Introduction to Lean Software & Kanban

Introduction to Lean Software & Kanban

Slides for a short talk on the big ideas, principles and practices of Lean Software and Kanban.
Includes examples of Kanban boards, an example of Kanban metrics using a Cumulative Flow Diagrams and a great Kanban comic by Henrik Kniberg.

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Christoph Matthies

December 16, 2016
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  1. Acute_tomato (CC BY-NC-ND 2.0) https://www.flickr.com/photos/acutetomato/5146688987 Dec 2016 Introduction to Lean

    Software & Kanban Christoph Matthies @chrisma0
  2. Waste ▪ Anything not delivered to the customer ▪ Artifacts

    that do not deliver a business value Lean software inspired by ▪ Toyota’s “lean manufacturing” industrial production ▪ Just-in-time production Reduce Waste 2 Lean Software’s Main Idea
  3. 1. Eliminate Waste ▪ Anything not delivering business value ▪

    E.g. requirements documents, partially done work, rarely used features (bloat), bugs, task switching, waiting 2. Amplify learning ▪ “Try-it, test-it, fix-it” rather than “do it right the first time” ▪ Short iteration cycles 3. Decide as late as possible ▪ Avoid up front design decisions, make choices when information is available 4. Deliver as fast as possible ▪ Working system at every iteration, fast feedback cycle 3 Lean Software’s Principles
  4. 1. 2. 3. 4. 5. Empower the team ▪ Motivate

    the team, self-organization ▪ “find good people and let them do their own job” 6. Build integrity in ▪ Maintain the consistency of a system’s design ▪ E.g. through refactoring, automated tests, complete build system 7. See the whole ▪ Focus on overall progress of the project ▪ Strong common sense 4 Lean Software’s Principles
  5. ▪ Software development can benefit from industrial production recipes ▪

    However, software has no production, only design ▪ “Lean” can be seen as more philosophy than method ▪ Reminder to look out for waste of any kind 5 Lean Software Summary “Lean” is applicable is many sectors, e.g. lean startups
  6. (看板) Kanban Christine Urias (CC BY-NC-ND 2.0) https://www.flickr.com/photos/shoppingdiva/5963596282

  7. At full capacity, there is little throughput (flow is constricted

    by bottlenecks) 7
  8. ▪ “Stop Starting Start Finishing” ▪ Ensure just-in-time production ▪

    Kanban: literally “signboard” or “billboard” in Japanese ▪ Inspired by Toyota ▪ Visual process-management approach (“Kanban boards”) Minimize Work In Progress 8 Kanban’s Main Idea
  9. 1. Limit work in progress ▪ Limit amount of tickets

    per column ▪ Focus on most productive task for the project ▪ Pull work from previous columns ▪ Reduce context switching (waste) 2. Visualize ▪ Shared Kanban-Board with process steps as columns ▪ Requirements (tasks, user stories,...) travel as notes from left to right. 3. Manage flow ▪ Measure length of queue, average cycle time and throughput ▪ Identify bottlenecks and allow planning 9 Core Kanban Practices There are many solutions for digital Kanban boards, it feels significantly different to move physical post-its though.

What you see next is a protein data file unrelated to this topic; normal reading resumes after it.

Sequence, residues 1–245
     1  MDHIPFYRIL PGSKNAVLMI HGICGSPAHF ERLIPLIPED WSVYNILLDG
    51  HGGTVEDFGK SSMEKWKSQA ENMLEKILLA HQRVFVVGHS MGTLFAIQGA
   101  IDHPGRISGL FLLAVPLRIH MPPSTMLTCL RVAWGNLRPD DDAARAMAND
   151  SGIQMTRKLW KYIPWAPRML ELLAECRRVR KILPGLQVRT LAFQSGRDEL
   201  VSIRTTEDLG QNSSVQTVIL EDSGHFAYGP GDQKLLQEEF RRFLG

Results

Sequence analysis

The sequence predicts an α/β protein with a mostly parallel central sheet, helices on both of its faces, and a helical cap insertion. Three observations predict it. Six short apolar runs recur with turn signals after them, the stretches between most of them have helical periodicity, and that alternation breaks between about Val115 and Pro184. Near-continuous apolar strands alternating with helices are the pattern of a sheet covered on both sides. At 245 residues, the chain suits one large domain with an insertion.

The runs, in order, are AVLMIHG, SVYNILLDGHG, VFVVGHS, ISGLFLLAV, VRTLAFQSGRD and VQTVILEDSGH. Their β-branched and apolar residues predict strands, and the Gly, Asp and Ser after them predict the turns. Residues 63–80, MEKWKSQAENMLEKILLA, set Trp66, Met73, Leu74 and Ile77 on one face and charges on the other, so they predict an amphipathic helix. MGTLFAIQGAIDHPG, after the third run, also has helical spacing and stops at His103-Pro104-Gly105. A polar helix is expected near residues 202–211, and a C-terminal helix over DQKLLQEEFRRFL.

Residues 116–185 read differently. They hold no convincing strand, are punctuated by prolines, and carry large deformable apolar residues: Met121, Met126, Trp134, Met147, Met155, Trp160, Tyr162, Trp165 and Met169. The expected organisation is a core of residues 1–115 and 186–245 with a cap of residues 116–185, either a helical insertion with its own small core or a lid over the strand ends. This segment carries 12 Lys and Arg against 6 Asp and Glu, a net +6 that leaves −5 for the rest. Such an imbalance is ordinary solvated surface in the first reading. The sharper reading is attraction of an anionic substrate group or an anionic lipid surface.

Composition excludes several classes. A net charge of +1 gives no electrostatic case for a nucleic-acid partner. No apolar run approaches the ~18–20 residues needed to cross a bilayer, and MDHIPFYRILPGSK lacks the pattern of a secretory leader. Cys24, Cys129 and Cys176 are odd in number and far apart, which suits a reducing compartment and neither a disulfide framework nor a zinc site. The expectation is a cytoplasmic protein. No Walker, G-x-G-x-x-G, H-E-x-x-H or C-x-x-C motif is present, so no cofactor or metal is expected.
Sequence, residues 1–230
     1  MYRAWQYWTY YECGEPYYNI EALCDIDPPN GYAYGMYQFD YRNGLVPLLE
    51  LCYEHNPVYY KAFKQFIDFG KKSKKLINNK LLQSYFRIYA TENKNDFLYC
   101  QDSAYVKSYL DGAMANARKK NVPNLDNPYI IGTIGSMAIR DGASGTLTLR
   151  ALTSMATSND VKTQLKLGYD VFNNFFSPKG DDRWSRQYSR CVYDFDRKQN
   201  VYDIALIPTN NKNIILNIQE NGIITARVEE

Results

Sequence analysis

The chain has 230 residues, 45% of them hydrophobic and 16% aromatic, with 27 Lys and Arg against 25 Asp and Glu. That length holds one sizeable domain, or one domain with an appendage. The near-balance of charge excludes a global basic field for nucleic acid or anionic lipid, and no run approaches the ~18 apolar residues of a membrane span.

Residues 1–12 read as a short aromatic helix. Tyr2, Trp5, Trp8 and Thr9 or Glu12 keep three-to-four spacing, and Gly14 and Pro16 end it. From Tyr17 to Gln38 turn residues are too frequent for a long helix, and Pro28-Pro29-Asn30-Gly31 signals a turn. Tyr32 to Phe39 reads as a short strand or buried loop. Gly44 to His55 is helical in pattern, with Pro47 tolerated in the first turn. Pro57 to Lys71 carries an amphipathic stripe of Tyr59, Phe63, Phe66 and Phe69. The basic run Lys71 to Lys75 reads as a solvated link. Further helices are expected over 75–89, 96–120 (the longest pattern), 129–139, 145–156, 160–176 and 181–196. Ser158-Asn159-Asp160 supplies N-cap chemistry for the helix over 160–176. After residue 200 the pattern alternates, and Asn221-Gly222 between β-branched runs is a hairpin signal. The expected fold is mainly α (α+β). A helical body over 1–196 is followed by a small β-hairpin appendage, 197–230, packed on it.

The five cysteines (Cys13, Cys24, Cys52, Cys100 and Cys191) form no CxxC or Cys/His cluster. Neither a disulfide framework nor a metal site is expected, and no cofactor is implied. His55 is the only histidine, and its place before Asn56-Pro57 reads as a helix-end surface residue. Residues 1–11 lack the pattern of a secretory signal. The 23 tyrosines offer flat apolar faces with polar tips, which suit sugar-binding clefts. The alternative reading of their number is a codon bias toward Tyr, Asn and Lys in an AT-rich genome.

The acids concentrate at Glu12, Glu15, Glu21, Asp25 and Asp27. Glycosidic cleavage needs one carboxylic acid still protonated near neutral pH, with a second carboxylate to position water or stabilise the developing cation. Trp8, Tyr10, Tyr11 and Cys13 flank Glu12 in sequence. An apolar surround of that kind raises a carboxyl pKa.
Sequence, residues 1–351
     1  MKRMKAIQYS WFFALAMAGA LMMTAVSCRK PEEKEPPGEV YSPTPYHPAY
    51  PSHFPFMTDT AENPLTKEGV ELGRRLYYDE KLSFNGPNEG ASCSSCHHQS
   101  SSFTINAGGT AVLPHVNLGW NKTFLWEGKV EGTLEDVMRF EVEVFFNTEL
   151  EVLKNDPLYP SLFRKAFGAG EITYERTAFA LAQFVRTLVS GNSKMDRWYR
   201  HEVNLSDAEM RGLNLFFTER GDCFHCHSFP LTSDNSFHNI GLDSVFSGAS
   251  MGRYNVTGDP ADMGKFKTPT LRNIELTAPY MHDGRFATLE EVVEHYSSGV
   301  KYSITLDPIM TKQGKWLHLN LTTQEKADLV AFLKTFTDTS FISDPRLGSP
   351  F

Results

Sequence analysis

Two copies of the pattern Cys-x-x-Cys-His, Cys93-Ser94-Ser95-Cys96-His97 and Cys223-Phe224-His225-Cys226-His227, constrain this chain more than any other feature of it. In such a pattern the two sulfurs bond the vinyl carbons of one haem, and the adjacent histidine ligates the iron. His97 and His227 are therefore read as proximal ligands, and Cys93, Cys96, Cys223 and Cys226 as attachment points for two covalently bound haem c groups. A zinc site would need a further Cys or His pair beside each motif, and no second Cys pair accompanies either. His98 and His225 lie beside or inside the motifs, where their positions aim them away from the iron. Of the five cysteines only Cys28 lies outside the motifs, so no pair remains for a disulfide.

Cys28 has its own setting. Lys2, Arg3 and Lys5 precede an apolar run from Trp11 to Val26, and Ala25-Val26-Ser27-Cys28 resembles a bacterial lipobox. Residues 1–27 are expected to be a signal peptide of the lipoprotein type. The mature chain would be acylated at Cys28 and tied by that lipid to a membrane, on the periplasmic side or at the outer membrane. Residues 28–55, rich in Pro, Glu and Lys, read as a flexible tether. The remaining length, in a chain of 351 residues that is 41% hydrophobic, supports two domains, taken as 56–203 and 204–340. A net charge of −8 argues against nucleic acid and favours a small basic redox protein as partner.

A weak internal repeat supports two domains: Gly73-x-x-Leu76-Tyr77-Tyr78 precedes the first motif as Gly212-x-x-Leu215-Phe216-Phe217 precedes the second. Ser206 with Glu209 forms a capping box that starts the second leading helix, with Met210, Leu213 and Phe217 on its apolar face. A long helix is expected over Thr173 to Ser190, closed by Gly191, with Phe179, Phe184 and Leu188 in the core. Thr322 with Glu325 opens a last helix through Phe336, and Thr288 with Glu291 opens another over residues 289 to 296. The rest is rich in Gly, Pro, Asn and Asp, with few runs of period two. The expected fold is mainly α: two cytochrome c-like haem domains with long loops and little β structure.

10. 1. 2. 3. 4. Make policies explicit ▪ Create explicit

    shared understanding of rules and assumptions ▪ E.g. what columns mean, Definition of Done, which ticket to pull next 5. Implement feedback loops ▪ Process of continuous improvement (“kaizen” in Japanese) ▪ Don’t wait for feedback, build it into the process 6. Improve collaboratively, evolve experimentally ▪ Try things out, evaluate 10 Core Kanban Practices
  11. Spoonstein (CC BY-NC-ND 2.0) https://www.flickr.com/photos/spoonstein/8057092456/ Flow: from backlog to delivery

    Pull Kanban limits 11
  12. Subdivisions by subject / swim lanes 12 Jim Downing (CC

    BY-SA 2.0) https://www.flickr.com/photos/jimdowning/6129928164/
  13. One day in Kanban Land (A comic by Henrik Kniberg)

    Henrik Kniberg http://blog.crisp.se/2009/06/26/henrikkniberg/1246053060000
  14. 14

  15. 15

  16. Metrics — Cumulative Flow Diagram Lead Time: Time from ticket

    being placed on board to ticket delivered Cycle Time: Time from starting work on ticket to finishing Paul Klipp (CC-BY) http://paulklipp.com/images/Interpreting_a_Cumulative_Flow_Diagram.jpg Time Amount of tasks 16
  17. ▪ “Agile!: The Good, the Hype and the Ugly”. Bertrand

    Meyer. Springer Publishing Company, Incorporated, 2014. ISBN 9783319051543. ▪ “Stop Starting, Start Finishing!”. Arne Roock. Illustrated Edition. Blue Hole Press, 2012. ISBN 9780985305161. ▪ “Kanban: Successful Evolutionary Change for Your Technology Business”. David J. Anderson. Blue Hole Press, 2010. ISBN 0984521402. ▪ “Disciplined Agile Delivery: A Practitioner's Guide to Agile Software Delivery in the Enterprise”. Mark Lines, Scott W. Ambler. IBM Press, 2012. ISBN 978-0-13-281013-5. 17 References